In general, here is what you should keep in mind when researching and choosing real estate keywords to target:

  • Search Volume: Refers to the number of times a keyword is searched for on search engines. Higher search volume indicates higher popularity and potential for driving traffic to your website. However, high volume keywords tend to be very competitive and reflect a wider range of user intentions. 
  • Competition: Refers to the level of competition among websites targeting the same keyword. High competition may make it challenging to rank well in search results, while low competition keywords may offer easier opportunities for visibility.
  • Relevance: Refers to how well a keyword aligns with the interests, needs, and search behavior of your target audience. Choose keywords that your audience is likely to use when searching for real estate-related information or services.
  • Conversion Potential: Refers to the likelihood of a keyword driving qualified leads or conversions. Consider keywords that have a higher likelihood of converting website visitors into actual customers or clients, rather than just driving general traffic.

Another key difference to understand is between long-tail and short-tail keywords:

  • Long-tail keywords are longer, more specific phrases. They tend to be less competitive and represent more motivated user intent (with greater conversion potential), but they have lower search volume and may be harder to find. 
  • Short-tail keywords are shorter, more generic keywords or phrases. They are more competitive, but have higher potential for bringing in traffic. However, that traffic may have lower relevance and therefore be less likely to convert.

In real estate, generally, short-tail keywords tend to be dominated by a few real estate portals which populate the first page of search results (Zillow, Redfin etc.). As such, individual agents and smaller brokerages tend to have more success targeting niche long-tail keywords. 

Not only is it easier to rank for keywords like "waterfront condos in New Westminster under 400K", but anyone using that search query is more likely to be a motivated buyer, given that they already know what they want.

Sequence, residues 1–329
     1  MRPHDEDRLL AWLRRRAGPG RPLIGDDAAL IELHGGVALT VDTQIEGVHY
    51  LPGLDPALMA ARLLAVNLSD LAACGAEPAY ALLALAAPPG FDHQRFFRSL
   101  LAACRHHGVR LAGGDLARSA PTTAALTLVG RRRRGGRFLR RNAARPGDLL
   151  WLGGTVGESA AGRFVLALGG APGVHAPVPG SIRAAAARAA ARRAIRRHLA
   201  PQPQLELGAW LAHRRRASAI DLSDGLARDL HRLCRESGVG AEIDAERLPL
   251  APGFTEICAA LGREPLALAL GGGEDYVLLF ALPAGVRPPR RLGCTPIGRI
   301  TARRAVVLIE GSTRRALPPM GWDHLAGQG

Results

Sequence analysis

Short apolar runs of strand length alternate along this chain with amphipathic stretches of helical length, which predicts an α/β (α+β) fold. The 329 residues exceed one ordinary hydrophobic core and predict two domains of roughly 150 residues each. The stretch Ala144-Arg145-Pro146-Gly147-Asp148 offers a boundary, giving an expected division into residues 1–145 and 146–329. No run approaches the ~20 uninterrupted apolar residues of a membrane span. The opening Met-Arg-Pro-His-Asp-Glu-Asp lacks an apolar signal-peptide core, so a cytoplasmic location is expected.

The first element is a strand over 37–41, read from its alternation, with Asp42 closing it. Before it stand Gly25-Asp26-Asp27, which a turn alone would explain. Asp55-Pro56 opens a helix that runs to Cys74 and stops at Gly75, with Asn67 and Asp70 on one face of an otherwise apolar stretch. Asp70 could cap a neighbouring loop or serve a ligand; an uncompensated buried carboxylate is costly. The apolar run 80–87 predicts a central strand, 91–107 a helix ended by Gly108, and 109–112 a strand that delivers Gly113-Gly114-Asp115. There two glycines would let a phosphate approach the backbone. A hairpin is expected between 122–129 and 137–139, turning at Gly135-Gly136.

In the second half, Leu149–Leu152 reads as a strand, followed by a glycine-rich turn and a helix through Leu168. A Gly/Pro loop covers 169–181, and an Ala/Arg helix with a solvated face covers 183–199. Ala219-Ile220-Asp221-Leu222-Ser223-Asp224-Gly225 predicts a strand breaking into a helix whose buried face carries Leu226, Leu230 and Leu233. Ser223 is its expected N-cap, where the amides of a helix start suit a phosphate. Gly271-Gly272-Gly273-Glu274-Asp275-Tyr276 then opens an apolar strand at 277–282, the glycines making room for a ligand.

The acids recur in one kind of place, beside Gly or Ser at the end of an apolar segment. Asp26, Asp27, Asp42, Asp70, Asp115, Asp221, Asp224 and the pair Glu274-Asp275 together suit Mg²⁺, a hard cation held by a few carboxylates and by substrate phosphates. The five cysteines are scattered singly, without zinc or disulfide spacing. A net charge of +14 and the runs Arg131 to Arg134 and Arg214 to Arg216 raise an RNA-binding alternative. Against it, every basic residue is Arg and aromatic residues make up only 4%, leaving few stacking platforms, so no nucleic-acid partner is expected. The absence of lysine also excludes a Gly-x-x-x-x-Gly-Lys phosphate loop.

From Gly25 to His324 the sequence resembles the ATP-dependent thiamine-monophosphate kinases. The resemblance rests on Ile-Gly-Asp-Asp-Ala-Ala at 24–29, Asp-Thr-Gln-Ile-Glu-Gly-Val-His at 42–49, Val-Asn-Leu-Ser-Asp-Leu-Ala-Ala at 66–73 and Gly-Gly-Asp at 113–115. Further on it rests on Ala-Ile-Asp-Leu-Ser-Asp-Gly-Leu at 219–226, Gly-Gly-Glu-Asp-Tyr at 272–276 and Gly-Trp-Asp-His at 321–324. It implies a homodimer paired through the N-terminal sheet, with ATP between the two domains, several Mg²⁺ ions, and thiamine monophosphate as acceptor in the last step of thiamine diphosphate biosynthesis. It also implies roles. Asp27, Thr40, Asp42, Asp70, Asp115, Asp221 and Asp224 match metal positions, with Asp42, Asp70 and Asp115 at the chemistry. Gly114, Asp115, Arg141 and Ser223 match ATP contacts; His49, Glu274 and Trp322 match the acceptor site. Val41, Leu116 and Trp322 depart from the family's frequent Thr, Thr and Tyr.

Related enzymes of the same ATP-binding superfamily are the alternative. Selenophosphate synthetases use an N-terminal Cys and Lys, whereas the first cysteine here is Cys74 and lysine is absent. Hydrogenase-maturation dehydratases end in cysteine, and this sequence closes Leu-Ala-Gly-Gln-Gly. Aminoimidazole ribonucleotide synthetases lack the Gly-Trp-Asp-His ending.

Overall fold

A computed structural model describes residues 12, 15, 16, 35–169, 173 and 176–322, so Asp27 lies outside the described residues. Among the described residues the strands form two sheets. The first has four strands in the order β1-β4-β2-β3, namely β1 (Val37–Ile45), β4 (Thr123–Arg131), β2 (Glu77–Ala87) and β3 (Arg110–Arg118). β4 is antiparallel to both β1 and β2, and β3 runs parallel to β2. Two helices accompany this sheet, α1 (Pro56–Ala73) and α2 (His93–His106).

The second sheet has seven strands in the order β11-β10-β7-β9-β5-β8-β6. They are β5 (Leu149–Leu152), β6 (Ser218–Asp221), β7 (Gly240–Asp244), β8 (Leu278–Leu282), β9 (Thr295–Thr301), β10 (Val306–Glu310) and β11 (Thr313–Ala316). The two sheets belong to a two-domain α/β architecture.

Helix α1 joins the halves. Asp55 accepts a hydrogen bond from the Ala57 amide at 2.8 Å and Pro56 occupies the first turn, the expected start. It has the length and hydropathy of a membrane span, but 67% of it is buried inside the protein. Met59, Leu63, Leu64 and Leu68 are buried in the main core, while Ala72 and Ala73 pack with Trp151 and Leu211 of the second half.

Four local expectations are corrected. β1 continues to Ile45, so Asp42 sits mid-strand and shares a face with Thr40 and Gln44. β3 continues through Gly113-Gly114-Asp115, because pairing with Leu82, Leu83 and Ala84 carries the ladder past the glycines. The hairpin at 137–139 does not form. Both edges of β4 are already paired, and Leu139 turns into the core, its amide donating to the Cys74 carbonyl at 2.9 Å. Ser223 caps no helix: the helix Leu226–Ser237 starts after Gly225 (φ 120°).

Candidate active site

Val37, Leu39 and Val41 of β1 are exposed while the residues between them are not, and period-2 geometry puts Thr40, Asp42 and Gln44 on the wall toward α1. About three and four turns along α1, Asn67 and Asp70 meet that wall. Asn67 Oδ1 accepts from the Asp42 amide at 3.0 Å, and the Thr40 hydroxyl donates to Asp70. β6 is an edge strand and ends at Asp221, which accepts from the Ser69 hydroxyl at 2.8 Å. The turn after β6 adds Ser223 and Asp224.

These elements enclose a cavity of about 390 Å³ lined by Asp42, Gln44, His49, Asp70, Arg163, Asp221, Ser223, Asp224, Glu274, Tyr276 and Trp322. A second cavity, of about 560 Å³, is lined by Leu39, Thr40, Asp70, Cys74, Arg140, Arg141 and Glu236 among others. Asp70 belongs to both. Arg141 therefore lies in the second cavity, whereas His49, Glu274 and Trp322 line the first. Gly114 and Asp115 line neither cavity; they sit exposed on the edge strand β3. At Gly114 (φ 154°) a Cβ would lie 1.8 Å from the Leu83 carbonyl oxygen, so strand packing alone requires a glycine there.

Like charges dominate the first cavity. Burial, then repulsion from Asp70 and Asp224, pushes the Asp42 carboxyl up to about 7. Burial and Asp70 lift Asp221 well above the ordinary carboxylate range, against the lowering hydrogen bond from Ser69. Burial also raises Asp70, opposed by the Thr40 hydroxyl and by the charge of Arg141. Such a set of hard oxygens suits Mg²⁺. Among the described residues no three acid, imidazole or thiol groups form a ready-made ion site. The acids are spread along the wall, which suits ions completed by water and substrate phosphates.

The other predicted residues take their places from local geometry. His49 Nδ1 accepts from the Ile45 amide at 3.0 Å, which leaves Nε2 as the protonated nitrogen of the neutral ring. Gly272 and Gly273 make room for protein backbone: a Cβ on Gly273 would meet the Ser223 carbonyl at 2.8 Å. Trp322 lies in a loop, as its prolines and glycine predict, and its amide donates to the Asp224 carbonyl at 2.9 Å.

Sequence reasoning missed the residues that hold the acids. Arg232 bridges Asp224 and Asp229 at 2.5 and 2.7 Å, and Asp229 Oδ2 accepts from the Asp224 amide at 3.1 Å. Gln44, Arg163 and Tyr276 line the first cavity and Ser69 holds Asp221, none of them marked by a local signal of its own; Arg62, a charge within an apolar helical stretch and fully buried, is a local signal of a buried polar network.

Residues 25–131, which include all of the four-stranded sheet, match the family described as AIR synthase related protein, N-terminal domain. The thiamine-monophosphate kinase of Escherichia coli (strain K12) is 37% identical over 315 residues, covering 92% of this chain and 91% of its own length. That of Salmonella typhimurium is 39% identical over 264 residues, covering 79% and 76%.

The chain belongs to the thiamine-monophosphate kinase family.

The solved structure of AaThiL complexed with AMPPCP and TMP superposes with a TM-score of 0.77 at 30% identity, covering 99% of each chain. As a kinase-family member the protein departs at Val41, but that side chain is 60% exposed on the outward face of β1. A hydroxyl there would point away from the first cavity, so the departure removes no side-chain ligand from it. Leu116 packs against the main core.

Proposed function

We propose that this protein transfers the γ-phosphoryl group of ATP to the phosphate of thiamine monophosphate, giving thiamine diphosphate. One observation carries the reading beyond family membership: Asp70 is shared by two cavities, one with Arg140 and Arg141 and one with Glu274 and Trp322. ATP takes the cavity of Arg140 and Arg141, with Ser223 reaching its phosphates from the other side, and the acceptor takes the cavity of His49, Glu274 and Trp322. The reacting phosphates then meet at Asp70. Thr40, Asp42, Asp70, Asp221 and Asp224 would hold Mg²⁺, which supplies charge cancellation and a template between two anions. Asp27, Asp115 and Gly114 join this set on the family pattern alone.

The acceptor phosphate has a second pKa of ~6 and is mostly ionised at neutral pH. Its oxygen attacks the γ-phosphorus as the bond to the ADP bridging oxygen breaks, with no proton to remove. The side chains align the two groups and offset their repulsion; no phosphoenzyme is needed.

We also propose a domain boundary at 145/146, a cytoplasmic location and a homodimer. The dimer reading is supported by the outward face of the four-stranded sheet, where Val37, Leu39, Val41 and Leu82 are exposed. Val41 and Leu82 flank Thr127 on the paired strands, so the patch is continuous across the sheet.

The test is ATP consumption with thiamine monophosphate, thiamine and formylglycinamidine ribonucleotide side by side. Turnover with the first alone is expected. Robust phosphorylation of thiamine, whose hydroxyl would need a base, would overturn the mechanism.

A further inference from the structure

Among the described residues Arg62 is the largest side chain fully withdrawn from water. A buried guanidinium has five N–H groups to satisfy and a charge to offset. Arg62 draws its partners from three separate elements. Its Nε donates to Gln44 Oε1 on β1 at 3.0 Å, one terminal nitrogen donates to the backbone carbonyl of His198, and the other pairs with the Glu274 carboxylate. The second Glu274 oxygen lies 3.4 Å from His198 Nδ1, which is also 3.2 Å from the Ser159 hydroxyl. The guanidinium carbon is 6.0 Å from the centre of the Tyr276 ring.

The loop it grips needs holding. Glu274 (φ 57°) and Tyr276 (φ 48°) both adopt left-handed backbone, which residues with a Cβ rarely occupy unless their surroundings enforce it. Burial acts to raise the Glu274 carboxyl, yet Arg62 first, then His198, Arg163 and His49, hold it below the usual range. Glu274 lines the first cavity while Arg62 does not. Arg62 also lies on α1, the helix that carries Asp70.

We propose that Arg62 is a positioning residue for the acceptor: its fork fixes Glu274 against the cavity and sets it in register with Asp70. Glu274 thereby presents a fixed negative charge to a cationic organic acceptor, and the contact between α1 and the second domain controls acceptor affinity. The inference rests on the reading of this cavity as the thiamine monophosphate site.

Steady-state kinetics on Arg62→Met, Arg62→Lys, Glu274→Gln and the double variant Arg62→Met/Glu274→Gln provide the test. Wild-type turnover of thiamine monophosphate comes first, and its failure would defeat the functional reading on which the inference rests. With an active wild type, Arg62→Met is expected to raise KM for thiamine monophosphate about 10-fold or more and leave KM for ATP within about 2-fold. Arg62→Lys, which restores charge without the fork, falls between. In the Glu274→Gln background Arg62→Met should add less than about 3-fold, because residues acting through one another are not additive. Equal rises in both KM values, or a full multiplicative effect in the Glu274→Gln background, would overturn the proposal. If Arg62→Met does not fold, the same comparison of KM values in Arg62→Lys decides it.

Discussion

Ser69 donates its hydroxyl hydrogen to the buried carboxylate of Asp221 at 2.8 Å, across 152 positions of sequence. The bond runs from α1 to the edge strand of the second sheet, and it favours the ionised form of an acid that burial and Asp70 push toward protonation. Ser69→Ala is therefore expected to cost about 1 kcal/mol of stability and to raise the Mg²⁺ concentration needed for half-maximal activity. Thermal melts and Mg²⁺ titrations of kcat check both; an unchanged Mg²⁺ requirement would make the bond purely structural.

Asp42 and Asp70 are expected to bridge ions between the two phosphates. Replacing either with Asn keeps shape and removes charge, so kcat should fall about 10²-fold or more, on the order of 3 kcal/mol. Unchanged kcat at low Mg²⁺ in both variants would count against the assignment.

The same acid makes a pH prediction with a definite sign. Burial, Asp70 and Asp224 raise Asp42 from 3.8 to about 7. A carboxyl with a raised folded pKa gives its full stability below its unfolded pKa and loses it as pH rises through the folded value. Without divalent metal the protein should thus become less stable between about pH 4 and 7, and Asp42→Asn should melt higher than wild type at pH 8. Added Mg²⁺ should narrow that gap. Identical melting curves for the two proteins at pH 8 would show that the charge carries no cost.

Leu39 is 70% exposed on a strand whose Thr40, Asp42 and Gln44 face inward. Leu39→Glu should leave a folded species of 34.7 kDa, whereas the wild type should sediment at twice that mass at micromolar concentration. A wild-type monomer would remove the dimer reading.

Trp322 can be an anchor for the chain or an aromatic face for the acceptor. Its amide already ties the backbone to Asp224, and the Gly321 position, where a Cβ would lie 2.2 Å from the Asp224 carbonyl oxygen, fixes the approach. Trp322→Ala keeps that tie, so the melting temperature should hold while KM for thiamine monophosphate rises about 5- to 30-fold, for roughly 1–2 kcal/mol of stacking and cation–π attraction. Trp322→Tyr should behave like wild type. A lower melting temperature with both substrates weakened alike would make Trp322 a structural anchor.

A graphic showing a graph between search volume and conversion potential for long tail keywords

How To Research Keywords For Real Estate

Classic Brainstorm

We always recommend starting with a classic brainstorm. What do you think buyers and sellers in your area are searching for? What would you Google if you were a client? This is always a great place to start your brainstorm. Examples from your brainstorm could include:

  • Vancouver real estate
  • North Vancouver homes for sale
  • Vancouver real estate agents
  • Vancouver condos for sale
  • Vancouver home buyers guide
  • Sell Vancouver property

...And so forth. Try to also consider keywords people in the buyer or seller journey might be interested in that aren’t directly related to property searches, but are still relevant to the real estate industry. For example, “mortgage rates” and “home buying process”.

Write down absolutely everything you can think of, including semantic variations (eg: Vancouver condos, Vancouver condos for sale, condos in Vancouver, etc.) We’ll prioritize these keywords in a few steps…

Keyword Tricks In Google

Once you have a few solid keywords in your back pocket, you can move on to some additional resources for keyword research. The first is Google itself! While we aren’t going to tell you to Google “real estate keywords”, it’s not the worst idea. But instead, this step is about building on the keywords you already have.